The Padma Purana

by N.A. Deshpande | 1951 | 1,261,945 words | ISBN-10: 8120838297 | ISBN-13: 9788120838291

This page describes king mahiratha goes to vishnu’s abode which is chapter 101 of the English translation of the Padma Purana, one of the largest Mahapuranas, detailling ancient Indian society, traditions, geography, as well as religious pilgrimages (yatra) to sacred places (tirthas). This is the one hundred first chapter of the Patala-Khanda (Section On The Nether World) of the Padma Purana, which contains six books total consisting of at least 50,000 Sanskrit metrical verses.

Disclaimer: These are translations of Sanskrit texts and are not necessarily approved by everyone associated with the traditions connected to these texts. Consult the source and original scripture in case of doubt.

Chapter 101 - King Mahīratha Goes to Viṣṇu’s Abode

[Sanskrit text for this chapter is available]

Yama said:

1-7. Then the king, observed by the glance of Death, and with his body emaciated due to consumption caused by extreme sexual enjoyment, died. He was being taken by the attendants of Yama, was repeatedly being beaten, was wailing with loud cries, and remembered his sins. Then Viṣṇu’s messengers, having come, beat my followers, and saying, ‘He is righteous’, they put him into an aeroplane. The king, with his sins exhausted due to the morning bath in the month of Vaiśākha, and being praised by the hosts of celestial nymphs, was taken to Viṣṇu’s city. Then, thinking that he was unrighteous, the king was again put by the divine messengers at the behest of Viṣṇu, not far from the path to hell. While going, he heard the various wailings of beings, being roasted in hell. Hearing the very awful cries of the sinners being boiled, the king was amazed and became extremely afflicted.

8. He said: “O messengers, what is this awful wailing that is heard and is not heard again. Please tell me the reason of it.”

The messengers said:

9-17. Beings who have abandoned bounds of morality, who are sinful, and who are bereft of (good) behaviour are thrown into awful hells like Tāmisra. Those who have committed sins here (i.e. in this world), after death resort to the path of (the abode of) Yama, suffer very terrible grief. Being dragged by fierce men of Yama, and fallen into darkness, they are eaten up by very awful dogs, foxes, carnivorous animals, crows, herons, cranes etc. and by wolves and tigers having fire-like mouths and by serpents, scorpions etc. Being burnt by fire, being pricked by thorns, being cut off by saws, being troubled by thirst, and being oppressed by hunger, so also by awful hosts of diseases, fainting at every step due to the odour of pus and blood, they are at times boiled in oils, at times beaten with pestles, are roasted in iron-vessels or at times on stones. At times they eat what is vomitted; at times (they eat) pus and blood. At times they eat feces; at times awful flesh at places with a foul smell. At times they are eaten by insects with fire-like mouths.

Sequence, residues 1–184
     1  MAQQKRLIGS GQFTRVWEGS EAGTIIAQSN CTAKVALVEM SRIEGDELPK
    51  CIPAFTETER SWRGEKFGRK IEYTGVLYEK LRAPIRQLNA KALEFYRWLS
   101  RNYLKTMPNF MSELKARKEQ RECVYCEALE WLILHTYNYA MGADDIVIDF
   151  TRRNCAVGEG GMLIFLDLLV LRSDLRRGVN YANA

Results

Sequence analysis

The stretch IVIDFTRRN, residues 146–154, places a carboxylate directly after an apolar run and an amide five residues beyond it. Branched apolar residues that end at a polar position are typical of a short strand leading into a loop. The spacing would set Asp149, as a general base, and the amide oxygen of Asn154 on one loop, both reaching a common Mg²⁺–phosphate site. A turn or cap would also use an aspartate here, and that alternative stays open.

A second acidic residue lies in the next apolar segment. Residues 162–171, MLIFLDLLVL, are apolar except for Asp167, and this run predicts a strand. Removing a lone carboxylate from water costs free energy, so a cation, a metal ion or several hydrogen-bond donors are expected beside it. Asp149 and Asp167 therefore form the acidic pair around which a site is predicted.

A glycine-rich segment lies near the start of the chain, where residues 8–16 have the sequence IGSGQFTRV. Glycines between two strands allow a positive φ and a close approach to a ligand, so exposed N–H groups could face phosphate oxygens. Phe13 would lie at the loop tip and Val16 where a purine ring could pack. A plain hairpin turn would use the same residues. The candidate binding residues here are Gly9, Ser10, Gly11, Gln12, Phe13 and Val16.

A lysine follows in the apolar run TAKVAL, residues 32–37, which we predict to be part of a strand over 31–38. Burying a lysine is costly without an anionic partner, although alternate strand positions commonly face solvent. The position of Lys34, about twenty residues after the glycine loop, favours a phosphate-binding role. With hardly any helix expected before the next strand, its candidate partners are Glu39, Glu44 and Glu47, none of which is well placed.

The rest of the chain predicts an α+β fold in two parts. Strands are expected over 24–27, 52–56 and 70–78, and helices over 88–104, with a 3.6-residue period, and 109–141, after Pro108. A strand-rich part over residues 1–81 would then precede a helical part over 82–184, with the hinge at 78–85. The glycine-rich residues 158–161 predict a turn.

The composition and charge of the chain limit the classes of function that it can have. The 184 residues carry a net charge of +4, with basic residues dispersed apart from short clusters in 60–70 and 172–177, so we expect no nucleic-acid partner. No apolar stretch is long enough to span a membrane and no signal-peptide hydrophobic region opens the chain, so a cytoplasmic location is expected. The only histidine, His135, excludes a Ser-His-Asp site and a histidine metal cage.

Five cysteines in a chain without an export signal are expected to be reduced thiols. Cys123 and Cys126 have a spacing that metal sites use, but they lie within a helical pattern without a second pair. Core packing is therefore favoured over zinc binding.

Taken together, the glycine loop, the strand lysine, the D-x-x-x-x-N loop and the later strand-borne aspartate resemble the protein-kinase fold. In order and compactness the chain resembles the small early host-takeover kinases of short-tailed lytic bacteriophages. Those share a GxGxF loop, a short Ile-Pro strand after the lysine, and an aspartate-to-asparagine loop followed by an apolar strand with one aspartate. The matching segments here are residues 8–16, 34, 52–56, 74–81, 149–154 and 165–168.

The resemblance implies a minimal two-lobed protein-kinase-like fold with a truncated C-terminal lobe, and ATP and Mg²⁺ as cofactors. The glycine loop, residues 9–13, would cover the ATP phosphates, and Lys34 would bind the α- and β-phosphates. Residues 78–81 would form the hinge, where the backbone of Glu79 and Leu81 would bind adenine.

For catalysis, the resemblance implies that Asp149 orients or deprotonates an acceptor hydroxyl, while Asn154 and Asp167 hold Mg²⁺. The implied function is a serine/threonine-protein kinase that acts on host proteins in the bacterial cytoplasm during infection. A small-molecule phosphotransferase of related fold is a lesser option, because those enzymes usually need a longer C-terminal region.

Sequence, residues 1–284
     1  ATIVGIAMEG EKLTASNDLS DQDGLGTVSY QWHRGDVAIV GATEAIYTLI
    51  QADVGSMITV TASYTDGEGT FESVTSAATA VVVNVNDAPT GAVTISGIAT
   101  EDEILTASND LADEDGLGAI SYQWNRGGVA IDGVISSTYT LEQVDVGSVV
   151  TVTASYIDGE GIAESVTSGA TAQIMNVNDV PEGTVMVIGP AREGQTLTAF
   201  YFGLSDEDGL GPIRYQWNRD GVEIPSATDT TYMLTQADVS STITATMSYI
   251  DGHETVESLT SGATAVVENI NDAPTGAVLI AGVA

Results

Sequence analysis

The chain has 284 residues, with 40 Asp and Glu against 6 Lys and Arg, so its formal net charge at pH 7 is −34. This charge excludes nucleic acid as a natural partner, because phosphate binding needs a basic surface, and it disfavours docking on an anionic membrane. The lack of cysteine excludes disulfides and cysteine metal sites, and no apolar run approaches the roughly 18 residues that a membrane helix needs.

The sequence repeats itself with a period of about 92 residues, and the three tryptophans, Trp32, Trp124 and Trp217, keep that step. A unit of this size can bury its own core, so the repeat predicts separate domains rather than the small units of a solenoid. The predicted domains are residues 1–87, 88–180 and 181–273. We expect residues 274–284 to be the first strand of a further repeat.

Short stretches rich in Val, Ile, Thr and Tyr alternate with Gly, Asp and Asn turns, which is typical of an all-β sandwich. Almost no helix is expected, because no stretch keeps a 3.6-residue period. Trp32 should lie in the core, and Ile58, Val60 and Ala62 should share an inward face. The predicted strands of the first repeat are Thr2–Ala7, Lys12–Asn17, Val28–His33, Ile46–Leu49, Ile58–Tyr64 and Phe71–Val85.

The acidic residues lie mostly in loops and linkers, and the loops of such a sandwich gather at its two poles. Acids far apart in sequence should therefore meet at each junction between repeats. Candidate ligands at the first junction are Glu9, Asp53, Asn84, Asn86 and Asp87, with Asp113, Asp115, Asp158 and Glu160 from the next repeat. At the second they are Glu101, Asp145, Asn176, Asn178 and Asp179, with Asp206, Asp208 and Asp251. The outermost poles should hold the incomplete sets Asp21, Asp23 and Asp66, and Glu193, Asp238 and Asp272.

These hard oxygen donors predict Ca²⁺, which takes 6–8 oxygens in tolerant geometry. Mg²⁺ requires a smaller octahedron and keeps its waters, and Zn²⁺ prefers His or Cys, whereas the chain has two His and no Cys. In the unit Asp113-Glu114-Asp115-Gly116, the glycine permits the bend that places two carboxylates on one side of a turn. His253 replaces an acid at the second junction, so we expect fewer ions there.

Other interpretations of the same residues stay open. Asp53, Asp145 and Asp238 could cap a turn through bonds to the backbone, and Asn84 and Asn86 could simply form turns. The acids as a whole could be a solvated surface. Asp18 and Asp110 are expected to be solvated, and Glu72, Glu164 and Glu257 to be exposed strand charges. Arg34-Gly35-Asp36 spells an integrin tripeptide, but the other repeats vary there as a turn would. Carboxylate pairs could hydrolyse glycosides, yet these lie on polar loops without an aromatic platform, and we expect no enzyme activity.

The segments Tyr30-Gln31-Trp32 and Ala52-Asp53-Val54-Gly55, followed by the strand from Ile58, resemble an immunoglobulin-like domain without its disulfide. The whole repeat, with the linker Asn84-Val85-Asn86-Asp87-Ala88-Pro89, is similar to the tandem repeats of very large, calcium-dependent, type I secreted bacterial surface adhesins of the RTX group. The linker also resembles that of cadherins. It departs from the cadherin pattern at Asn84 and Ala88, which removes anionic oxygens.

18-24. They, wailing in various tones, are again and again roasted in houses where, in the heaps of hair, blood, flesh, marrow and bones, the dead bodies are scattered in a disorderly manner and are clearly eaten by insects, which (houses) are destroyed bythemouths ofcrows, herons and great vulturesand have crores of bodies put very closely without interstices, which have saws and small flat stones for grinding and have no oil, which are made of trees with sharp thorns, and have the pillars of iron, oil and marrow, which are bright with pillars with fierce flames and razors, thorns and nails, which are full with the hot pus of Vaitaraṇī, and the breasts of men and women cut off with swords, and which are awful on account of being seized with fearful darkness. They have nooses tied round their necks; at places they are surrounded by serpents; at places they are squeezed by machines, and at places they are dragged with their knees (seized).

25-29. O king, the sinners, doing bad acts, and wailing, with their backs, heads and necks broken, with their throats choked, (appearing) very awful, they with bodies capable of suffering torment, being whirled in an apartment on the top of the house, are troubled. They wail along with the enjoyment of sensual objects. All beings sufer this (due to) what they have done before. The union (that was had) for love with another’s wife, gives pain. The enjoyment of objects of senses for a short while, has turned out to be giving pain for many years. O best king, having got the touch of the breezes coming from the body of you who bathed duly in the morning in Vaiśākha, they are delighted for a moment and due to your lustre have become-strong. Therefore, they who remain in the hell are free from wailing. Even the name of those who have a meritorious character is said to lead to happiness. The touch of the breezes that had the touch of their bodies causes delight.